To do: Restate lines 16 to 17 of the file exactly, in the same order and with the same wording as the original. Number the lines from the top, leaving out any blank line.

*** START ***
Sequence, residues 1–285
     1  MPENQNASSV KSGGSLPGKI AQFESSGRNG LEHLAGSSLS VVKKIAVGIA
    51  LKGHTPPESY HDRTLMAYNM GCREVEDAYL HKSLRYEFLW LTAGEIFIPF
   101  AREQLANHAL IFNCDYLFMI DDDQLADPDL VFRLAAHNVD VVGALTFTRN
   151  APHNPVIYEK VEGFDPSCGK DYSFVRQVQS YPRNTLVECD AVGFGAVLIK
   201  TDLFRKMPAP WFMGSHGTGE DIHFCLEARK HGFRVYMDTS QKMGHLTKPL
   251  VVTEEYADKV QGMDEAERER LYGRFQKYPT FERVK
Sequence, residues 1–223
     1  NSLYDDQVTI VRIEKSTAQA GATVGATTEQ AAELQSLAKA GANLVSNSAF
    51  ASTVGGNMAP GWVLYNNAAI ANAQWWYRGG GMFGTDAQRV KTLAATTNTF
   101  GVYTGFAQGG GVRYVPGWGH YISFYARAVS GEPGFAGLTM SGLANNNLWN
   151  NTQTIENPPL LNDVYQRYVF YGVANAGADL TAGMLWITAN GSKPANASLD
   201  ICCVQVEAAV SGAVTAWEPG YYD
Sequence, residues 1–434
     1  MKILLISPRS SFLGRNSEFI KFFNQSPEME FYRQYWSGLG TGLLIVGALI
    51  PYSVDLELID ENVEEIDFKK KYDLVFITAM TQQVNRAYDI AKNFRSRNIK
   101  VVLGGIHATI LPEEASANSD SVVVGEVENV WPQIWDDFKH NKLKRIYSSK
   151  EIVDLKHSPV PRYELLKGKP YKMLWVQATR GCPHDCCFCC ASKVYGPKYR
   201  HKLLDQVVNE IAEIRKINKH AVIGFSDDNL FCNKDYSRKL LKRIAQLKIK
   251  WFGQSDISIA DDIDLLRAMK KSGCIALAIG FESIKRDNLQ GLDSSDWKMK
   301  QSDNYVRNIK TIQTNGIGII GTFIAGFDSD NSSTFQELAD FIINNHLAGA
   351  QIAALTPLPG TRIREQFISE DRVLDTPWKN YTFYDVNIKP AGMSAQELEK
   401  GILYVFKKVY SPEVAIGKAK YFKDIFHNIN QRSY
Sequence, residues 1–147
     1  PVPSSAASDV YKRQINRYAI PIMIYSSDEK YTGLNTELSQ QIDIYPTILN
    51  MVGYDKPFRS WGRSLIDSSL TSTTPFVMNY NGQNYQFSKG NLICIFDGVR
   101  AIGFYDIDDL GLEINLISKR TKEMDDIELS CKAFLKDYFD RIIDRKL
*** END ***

    51  PYSVDLELID ENVEEIDFKK KYDLVFITAM TQQVNRAYDI AKNFRSRNIK
   101  VVLGGIHATI LPEEASANSD SVVVGEVENV WPQIWDDFKH NKLKRIYSSK